Prep manhattan GMAT set of 8 strategy guides 08 the sentence correction guide 4th edition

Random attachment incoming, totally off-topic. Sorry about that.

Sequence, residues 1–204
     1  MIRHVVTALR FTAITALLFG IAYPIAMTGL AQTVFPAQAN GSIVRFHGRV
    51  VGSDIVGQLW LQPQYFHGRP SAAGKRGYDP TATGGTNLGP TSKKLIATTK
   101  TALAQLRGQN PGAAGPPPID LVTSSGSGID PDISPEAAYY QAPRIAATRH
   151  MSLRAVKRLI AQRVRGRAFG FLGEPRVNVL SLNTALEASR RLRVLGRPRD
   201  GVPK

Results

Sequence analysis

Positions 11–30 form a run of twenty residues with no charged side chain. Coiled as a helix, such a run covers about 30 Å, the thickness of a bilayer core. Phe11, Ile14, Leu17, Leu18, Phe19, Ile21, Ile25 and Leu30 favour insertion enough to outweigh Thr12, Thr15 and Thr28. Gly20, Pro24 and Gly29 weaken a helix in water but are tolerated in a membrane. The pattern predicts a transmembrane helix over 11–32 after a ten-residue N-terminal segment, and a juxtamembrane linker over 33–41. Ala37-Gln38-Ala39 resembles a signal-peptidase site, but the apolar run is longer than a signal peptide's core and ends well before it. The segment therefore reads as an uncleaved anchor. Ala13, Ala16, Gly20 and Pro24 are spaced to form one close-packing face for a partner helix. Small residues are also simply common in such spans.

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Includes ~ ~ Online Access: Computer Adaptive Practice Exams Bonus Question Bank for Sentence Correction See page for details 9vtanhattan GMAT the new standard Learn using Superigr Tools developed by Superior GMAT Instructors • Scored in 99th percentile on the GMAT • Selected by rigorous face-to-face audition •Trained 100+ hours before teaching • Paid up to 4x the industry standard The Manhattan GMAT Advantage: "If you're SERIOUS about getting a GREATSCOREon the GMAT; you have to go with MANHATTAN GMAT." - Student at top b-school Sophisticated Strategies For Top Scores GMAT and GMAC are registered trademarks of the Graduate Management Admission Council which neither sponsors nor endnr.- :ManliattanG MAT'Prep the new standard SENTENCE CORRECTION BASICS GRAMMAR, MEANING, CONCISION 11 17 In Action Problems & Solutions Official Guide Problem Set 25 31 SUBJECT-VERB AGREEMENT 33 In Action Problems & Solutions Official Guide Problem Set 45 49 PARALLEUSM In Action Problems & Solutions Official GUide Problem Set PRONOUNS In Action Problems & Solutions Official Guide Problem Set MODIFIERS 51 59 63 65 73 79 81 In Action Problems & Solutions Official Guide Problem Set 101 VEJlB TENSE, MOOD, & VOICE 103 In ACtion Problems & Solutions Official Guide Problem Set 117 123 COMPARISONS In Action Problems & Solutions Official Guide Problem Set IDIOMS In Action Problems & Solutions Official Guide Problem Set 10 ODDS & ENDS In Action Problems & Solutions Official Guide Problem Set PART I: GENERAL 93 125 131 137 139 173 183 185 197 203 TABLE OF CONTENTS ::ManliattanG MAT·Prep the new standard 11 GMCI S-V IPARALLEUSM: ADVANCED In Action Problems & Solutions Official GUide Problem Set 205 217 225 12 PRONOUNS & MODIFJERS: ADVANCED 227 In Action Problems & sOluf·ions Official Guide Problem Set 13 VERBS & COMPARISONS: ADVANCED In Action Problems & Solutions Official Guide Problem Set 14 OFFICIAL GUIDE LISTI & MATRIX Problem List Problem Matrix APPENDIX: GLOSSARY 239 245 247 259 267 269 271 273 289 PART II: ADVANCED TABLE OF CONTENTS PART I: GENERAL This part of the book covers both basic and intermediate topics within Sentence Correction Complete Part I before moving on to Part II: Advanced Chapter 0/ - SENTENCE CORRECTION,,,> SENTENCE~ CORRECTI()N BASICS In This Chapter • Question Format • "Best" Does Not Mean Ideal • Splits and Re-Splits • Reading the Entire Sentence SENTENCE CORRECTION BASICS STRATEGY Chapter SENTENCE CORRECTION BASICS Sentence Correction is one of three question types found in the verbal section of the GMAT Sentence Correction tests mastery of the rules of formal written English If you master the rules, you can make significant gains in your performance on this question type Question Format The format of a Sentence Correction question is extremely consistent Read through the _ sample question below: Although William Pereira first gained national recognition for his movie set designs, includjngthose for the 1942 film "Reap the Wild Wind." fyture generations remember him as the architect of the Transamerica Tower, the Malibu campus of Pepperdine University, and the city of Irvine (A) 18) (C) (0) including those for the 1942 film "Reap the Wild Wind," future generations like that for the 1942 fitm "Reap the Wild Wind: future generations will like those for the 1942 film "Reap the Wild Wind," future generations including that for the 1942 film "Reap the Wild Wind," future generations will Do not rewrite the sentence in your own wolds! You must chodse the best answer choice from among chose av.Wablc (E) including those for the 1942 film "Reap the Wild Wind," future generations will The question consists of a given sentence, part of which is underlined Ai; in the example above, the underlined segment may be only a small part of the entire sentence However, the underlined segment may include most or even all of the original sentence The flveanswer choices are possible replacements for the underlined segment (if the entire sentence is underlined, each of the answer choices will be a complete sentence) If you look closely at the example above, you may notice something about answer choice (A) In the example above, and in all Sentence Correction questions, choice (A) is exacdy the same as the underlined portion of the sentence above it The other choices, however, offer different options The question you are answering in Sentence Correction is always the same; which of the answer choices, when placed in the given sentence, istbe best option of those given, in terms of grammar, meaning and concision (all of which will be discussed in depth in later chapters) By the way, answer choice (A) is not always wrong The original sentence, (A), is the correct answer just as often as the other answer choices-about 20% of the time "Best" Does Not Mean Ideal It is very important to recognize that Sentence Correction questions ask for the best option of those given, not the best option in the universe Indeed, often you will feel-andrighdy so-that all the answers, including the correct one, "sound bad." Correct GMAT Sentence Correction answers can sound very formal or awkward, so it is important to keep in mind that your task is to evaluate the given answer choices, not to create the ideal sentence The ideal sentence often is not an option, and the right answer may sound rather wrong To complicate matters, incorrect answer choices often sound right, Indeed, the GMAT exploits the fact that the English we hear is commonly riddled with grammatical mistakes :M.anhattanGMAr*Prep the new standard 13 Chapter SENTENCE CORRECTION BASICS STRATEGY Splits and Re-Splits If you have not already chosen an answer for the sample question, go ahead and so now: Although WiII~am Pereira first gained national recognition for his movie set designs, inclu~ing those for the 1942 film "Reap the Wild Wind." future generations remember him as the architect of the Transamerica Tower, the Malibu campus of Pepperdine University, and the city of Irvine Usually, the easiest splits to spot are at the beginning or end of the answer choices (A) including those for the 1942 film "Reap the W~ld Wind," future generations (S) like that for the 1942 film "Reap the Wild Wind," future generations will (e) like those for the 1942 film "Reap the Wild Wind," future generations (0) including ,hat for the 1942 film "Reap the Wild Wind," future generations will i (E) including those for the 1942 film "Reap the Wild Wind," future generations will Now, how did you solve this question? Did you read the full sentence and then compare the answer choices by re-reading the sentence with each of the possible answers? That is a very common strategy, but 'it is one that you cannot afford In order to complete the entire Verbal section, Including the many time-consuming Reading Comprehension-and Critical Reading questions, YOIl should take no more than 90 seconds on average to answer a Sentence Correction qjuestion In fact, consider setting your goal to minute per Sentence Correction question The key to answering Sentence Correction questions within this time frame is to split the answer choices after you have read the given sentence Follow these steps: Write down "A ~ C D E" on your paper (or yellow tablet if you are taking the actual test) It does not matter if you write this horizontally or vertically Read the sentence noting any obvious errors as you read Scan the answer choices vertically-do not read them-looking for differences that split the answer choices For example, in the sample question above, you can split the answers between those that begin with including and those that begin with like Similarly, at the end of the answers, there i~ a split between those with will and those without will (essentially a split between the present and the future tense of remember) Ideal splits will divide the answer choices into a ~-3split (two choices with one option, three with the other) Sometimes you will find a three-way split (for example, another problem might have have lifted, lifted and have been lifted among the answer choices) A three-way split is useful as long as you can eliminate at least one of the options If you identify a split that distinguishes only one answer choice from the others (a 1-4 split) and you eliminate the choice represented by only one answer choice, you will end up eliminating only that one answer Thus, 1-4 splits are less useful than other kinds of splits, though they should still be considered Choose a split for which, you know the grammatical rule and which side of the split is correct Sometimes you find a split, but you not know which side is correct In this case, maybe you did not yet master the relevant rule Alternatively, the split might be a "red herring split," meaning that both sides of the split are grammatically correct ::M.anliattanG MAT·Prep 14 the new standard SENTENCE CORRECTION BASICS STRATEGY Chapter On your paper, cross out the answer choices that include the incorreqc,side of the~~plit Compare the remaining answer choices by re-splitting Continue to find differences· in the answers, but make sure you use only the answer choices that remain from your initial split Continue to split remaining choices until you have one answer left Splitting and Re-Splitting is the foundation of the Manhattan GMAT approach to Sentence Correction questions, so it is worth walking through the process with our sample question: Most Sentence Although William Pereira first gained national recognition for his movie set designs, including those for the 1942 film "Reap the Wild Wind," fytyre senerations remember him as the architect of the Transamerica Tower, the Malibu campus of Pepperdine University, and the city of Irvine Correction problems test multiple iasues of grammac and style During the exam, yOu need only one pa.th to the right (A) including those for the 1942 film "Reap the Wild Wind," future generations (8) like that for the 1942 film "Reap the Wild Wind," future generations will (C) like those for the 1942 film "Reap the Wild Wind," future generations (0) including that for the 1942 film "Reap the Wild Wind," future generations will (E) including those for the 1942 film "Reap the Wild Wind:' future generations will After reading the sentence and scanning the answer choices, you may notice that the answer choices have a 3-2 split between including and like Let us assume that we not know the rule for this issue (or whether it is a red herring split); another split needs to be found Fortunately, there is another 3-2 split at the end of the answers: will remember versus remember The rule for this split is dear Since the subject of that verb is future generations, any action assigned to those generations, including remembering, must be in the future tense Therefore, answer choices (A) and (C) can be eliminated Next, as we compare (B), (D) and (E), we find a split between those and that Since the word that or those refers to movie set designs, a plural noun, it is incorrect to use the singular pronoun that We must use the plural pronoun those Therefore answers (B) and (D) can be eliminated, leaving us with the correct answer, (E) In fact, we could have split the answer choices using including versus like According to the GMAT, like cannot introduce examples (such as must be used instead) Since the underlined segment begins with an example of a set that William Pereira designed, answer choices (B) and (C) can be eliminated Using like alters the meaning of the sentence, suggesting that William Pereira's designs were simply similar to the designs for "Reap the Wind." If it seems daunting to master every rule of the English language tested by the GMAT, it may be comforting to know that, as we saw in the sample question above, most Sentence Correction questions test several different rules at once Therefore, most answer choices can be eliminated for multiple reasons During your review, you should master all the rules tested bya particular problem, but on test day, you only need to find one way to the right answer Moreover, the GMAT tests only a finite number of grammatical principles, all of which are discussed in the following chapters, ~anJiattanGMATPrep the new standard answer Chapter SENTENCE CORRECTION BASICS STRATEGY Reading the Entire Sentence Using Splits and Re-Splits focuses your attention appropriately on the answer choices, so that you avoid repeatedly (and inefficiently) re-reading the given sentence with each possible answer inserted However, you must begin by reading the entire sentence For example, consider this underlined part of a sentence: and so was unable to go to recess You cannot decide whether this version is correct until you see the sentence in its entirety: The students carne to school without their mittens and so was unable to go to recess Make sure that the answer you choose works in the sentence as a whole If you somehow completely ignore the non-underlined section of the sentence, you cannot know that the use of was is incorrect (The subject of the verb was is students, a plural noun, so the verb should be were.) , The example above is elementary, but as you encounter more Sentence Correction questions, you will see that! the relationship between the underlined and non-underlined parts of the sentence is both complex and crucial Without understanding that relationship, you will miss errors and perhaps choose the wrong answer Always read the entire sentence, as the GMAT often places important words far from the underlined portion In fact, after you have made your choice, you should double-check that your answer works in the context of the entire sentence :ManfiattanG 16 MAT·Prep the new standard Appendix· GLOSSARY Conjunction - A word that joins two parts of a sentence together Coordinating and correlative conjunctions give the two parts equal weight Subordinating conjunctions put one part in a logically junior role, in relation to the other part Examples: Coordinating: and, but, or (Less common) for, nor, so, yet Correlative: either or neither nor not but not only but also Subordinating: Conjunctive after, although, because, before, if, since, when, etc Adverb - A transition word or phrase that is used after a semicolon to help connect two main clauses Conjunctive adverbs are not true conjunctions Examples: therefore, thus, consequently, however, nevertheless, furthermore, etc The general was stuck in traffic; therefore, the ceremony stafted late Connecting Punctuation - The comma (,), the semicolon (;), the colon '(:), and the dash (-) Used to link parts of the sentence ConnectittgWords - Conjunctions, conjunctive adverbs, and relative pronouns Used to link parts of the sentence Countable Noun - A noun that can be counted in English For instance, you can say one hat, two hats, three hats Countable nouns can be made singular or plural Examples: hat/hats Dangling month/months thought/thoughts person/people Modifier - A noun modifier that does not properly modify or describe any noun in the sentence In fact, the noun that should be modified has been omitted from the sentence Likewise, a verb modifier that requires a subject but lacks one in the sentence is considered dangling Dangling modifiers are always incorrect See Modifier Example: Walking along the river, the new tower can be seen The modifier walking along the river bank has no subject The sentence could be rewritten thus: Walking along the river, one can see the new tower Demonstrative Pronoun - The pronouns this, that, these, and those Demonstrative pronouns can be used as adjectives (these plants, that company) They can also be used in place of nouns, but they must be modified in some way, according to the GMAT See Pronoun Example: The strategy taken by Livonia is preferable to!h9! taken by Khazaria The demonstrative pronoun that properly stands for the noun strategy The pronoun that is modified by the phrase taken by Khazaria Dependent Clause - A clause that cannot stand alone without a main or independent clause A dependent clause is led by a subordinator Also known as a Subordinate Clause See Clause :M.anliattanG MAT'Prep 294 the new standard GLOSSARY Appendix Direct Object - The noun that is acted upon by a verb in the active voice Can be a pronoun, a noun phrase, or a noun clause Examples: I broke the lamp Who let the big dogs out? I believe that you are right Essential Modifier - A modifier that provides necessary information Use an essential modifier to identify the particular noun out of many possibilities or to create a permanent description of the noun Do not use commas to separate an essential modifier from the modified noun See Modifier Example: I want to sell the car that my sister drove to the city Fmgment - A group of words that does not work as a stand-alone sentence, either because it is begun by a subordinator or because it lacks a subject or a verb Examples: Although he bought a pretzel The device developed by scientists Future Tense - The form of a verb that expresses action in the future Also known as Simple Future See.Tense, Examples: The driver will swerve The tires will be punctured They will break the lamp Gerund - An -Ing form of a verb used as a noun Examples: SJsiing is fun She enjoys skiing She often thinks about skiing Gerund Phrase - A phrase centered on an -Ing form of a verb used as a noun Examples: Simple: Complex: Skiing difficult trails is fun We discussed the grooming of the horses Helping Verb - A verb used with another verb Helping verbs create various grammatical structures or provide additional shades of meaning Primary: Be Do Have I 9!!l running He gjQ not run She ~ ~'Modal: run Can Could May Might Must Shall Should Will Would We must go to the bank He ~ take his medicine Hypothetical Subjunctive - Subjunctive form that indicates unlikely or unreal conditions This form is used in some cases after the words if, as if, or as though, or with the verb to wish The Hypothetical Subjunctive is equivalent to the Simple Past tense of every verb, except the verb to be: the Hypothetical Subjunctive of be is were for every subject See Subjunctive Mood Examples: If he were in better shape, he would win the race !ManfiattanGMAT*Prep the new standard 295 Appendix GLOSSARY Idiom - An expression that has a unique form Idioms not follow general rules; rather, they must simply be memorized If-Then Statement - A sentence that contains both a condition (marked by an If) and a result (possibly marked by a Then) Either the condition or the result may come first The verbs in If-Then statements follow particular patterns of tense and mood Examples: If he were in better shape, he would win the race They get sick if they eat dairy products If she swims, then she will win Imperative Mood - The form of a verb that expresses direct commands Identical to the bare form of the verb, as well as to the Command Subjunctive-See Mood Examples: Go to the store and buy me an ice cream cone Indefinite Independent Pronoun - A pronoun that does not refer to a specific noun Most indefinite pronouns are singular: Anyone, anybody, anything No one, nobody, nothing Each, every (as pronouns) Someone, somebody, something Everyone, everybody, everything Whatever, whoever Either, neither (may require a plural verb ifpaired with or/nor) A few indefinite pronouns are always plural: Both Few Many Several The SANAM pronouns can be either singular or plural, depending on the noun in the Of phrase that follows the pronoun Some Any None All More/Most Clause - A clause that can stand alone as a grammatical sentence Contains its own subject and verb Also known as a Main Clause Indicative Mood - The form of a verb that expresses facts or beliefs Most verbs in most English sentences are in the indicative mood See Mood Examples: I went to the store and bought an ice cream cone I will so again Indirect Object - The noun that expresses the recipient or the beneficiary of some action Can be a pronoun, a noun phrase, or a noun clause Examples: I gave him the lamp She found the man a good book Infinitive - The bare form of the verb plus the marker to Used as a noun or as a modifier within a sentence Examples: I prefer to read novels The strategy to execute is Arnold's She drove many miles to see her uncle :M.anliattanG MAT·Prep 296 the new standard GLOSSARY -In: Form Appendix - The bare form of the verb plus the ending -Ing When used as a noun, the -Ing form is called a gerund When used as a modifier or as part of the progressive tense, the -Ing form is called a present participle Present Participle (part of verb): I am eating an apple Gerund (noun): Eating an apple is good for you Present Participle (noun modifier): The man eating an apple is my friend Present Participle (verb modifier): I sat on the porch, eating an apple Intran.sitive Verb - A verb that does not take a direct object Intransitive verbs cannot be put in the passive voice Examples: The driver swerved I went to the library Intransitive verb -Ing forms followed by nouns are usually adjectives: The swerving driver wound up on the sidewalk Linking Verb - A verb that expresses what a subject is, rather than what it does The most important linking verb is to be Main Clawe - A clause that can stand alone as a grammatical sentence A main clause contains its own subject and verb and is not introduced by a subordinator Also known as an Independent Clause Examples: , prefer to read novels He was changing the tires Middleman Misplagxl - Words that the GMAT inserts between the subject and the verb to hide the subject Middlemen are usually modifiers of various types Modifier - A noun modifier that is not positioned next to the noun it needs to describe in the sentence Misplaced modifiers are incorrect See Modifier Example: I collapsed onto the sofa, exhausted by a long day of work The modifier exhausted by a long day at work is misplaced The sentence should be rewritten thus: Exhausted by a long day of work, I collapsed onto the sofa· Modal Helping Verb - See Helping Verb Modifier - Words, phrases or clauses that describe other parts of the sentence Noun modifiers modify nouns Verb modifiers modify verbs Mood - The form of the verb that indicates the attitude of the speaker toward the action Indicative: I drive fast cars We drove to las Vegas Imperative: ~ three blocks and !Yrn left Command Subjunctive: I suggested that he drive three blocks Hypothetical Subjunctive: If he drove three blocks, he would see us )\1anfiattanGMAT'Prep the new standard 297 Appendix GLOSSARY Non-essential Modifier - A modifier that provides extra information You not need a non-essential modifier to identify the noun, since it is already identified in some other way Use commas to separate a non-essential modifier from the modified noun See Modifier Example: I want to sell this beat-up old car, which my sister drove to the city Noun - A word that means a thing or a person Nouns can be the subject of a verb, the direct or indirect object of a verb, or the object of a preposition Nouns can be modified by an adjective or another noun modifier Noun Clause - A subordinate clause (with its own subject and verb) that acts as a noun in the sentence That is, it is the subject of a verb, the object of averb, or the object of a preposition Led by relative pronouns which, what, when, why, whether or that Examples: I care about what he thinks Whether I stay or go is unimportant I believe that you are right Noun Modifier - A word, phrase or clause that describes a noun Examples: Adjective: This Qjg window needs replacing Past Participle: Broken in the storm, this window needs replacing Present Participle: The window rattling against the sill needs replacing Prepositional Phrase: The window on the right needs replacing Appositive: This window, an original installation, needs replacing Infinitive: The window to replace is on the second floor Relative Clause: The window that needs replacing has a missing pane Noun Phrase - A phrase that acts as a noun in the sentence A noun phrase typically consists of a noun and its modifiers Examples: A new government survey of taxpayers is planned The subject of the sentence is the noun phrase consisting of the noun survey and its modifiers (a, new, government, of taxpayers) Noun-Adjective - A noun that is placed in front of another noun and that functions as an adjective Examples: A government survey The stone wall A government survey is a type of survey, and a stone wall is a type of wall Object Case - The form of a pronoun used as the object of a verb or of a preposition Nouns not change form in the object case See Case :M.anliattanG MAT'Prep 298 the new standard GLOSSARY Appendix Parallel Element - A part of a sentence made parallel to another part or parts of the sentence through the use of parallel markers Examples: We will invite both his friends and her family Parallel Marker - The words that link or contrast parts of a sentence, forcing them to be parallel Examples: We will invite both his friends and her family Parallelism Category - A type of word, phrase, or clause Something in one parallelism category can be made parallel to something else of the same type, but it should not be made parallel to anything in another category Examples: Concrete Nouns: I like to eat peanut butter and ice cream Action Nouns and Complex Gerunds: I like to watch the release of the doves and the changing of the guard Simple Gerunds: I like eating ice cream and watching birds Working Verbs: I like ice cream but hate sorbet Infinitives: I like to eat ice cream and to watch birds Adjectives and Participles: I like ice cream, either frozen or warm Clauses: She knows that I like ice cream and that I hate sorbet Parts of Speech - The basic kinds of words A word's part of speech is determined both by what the word means and by what role or roles the word can play in a sentence Examples: Noun: peanut lake vacuum considerations opportunity Verb: swim proceed execute went should Adjective: wonderful blue the helpful Adverb: slowly very graciously Preposition: of for by with through during in on Conjunction: and but or although because Participle - One of two kinds of words derived from verbs Present Participles end in -ing Past Participles usually end in -ed, but there are many irregular forms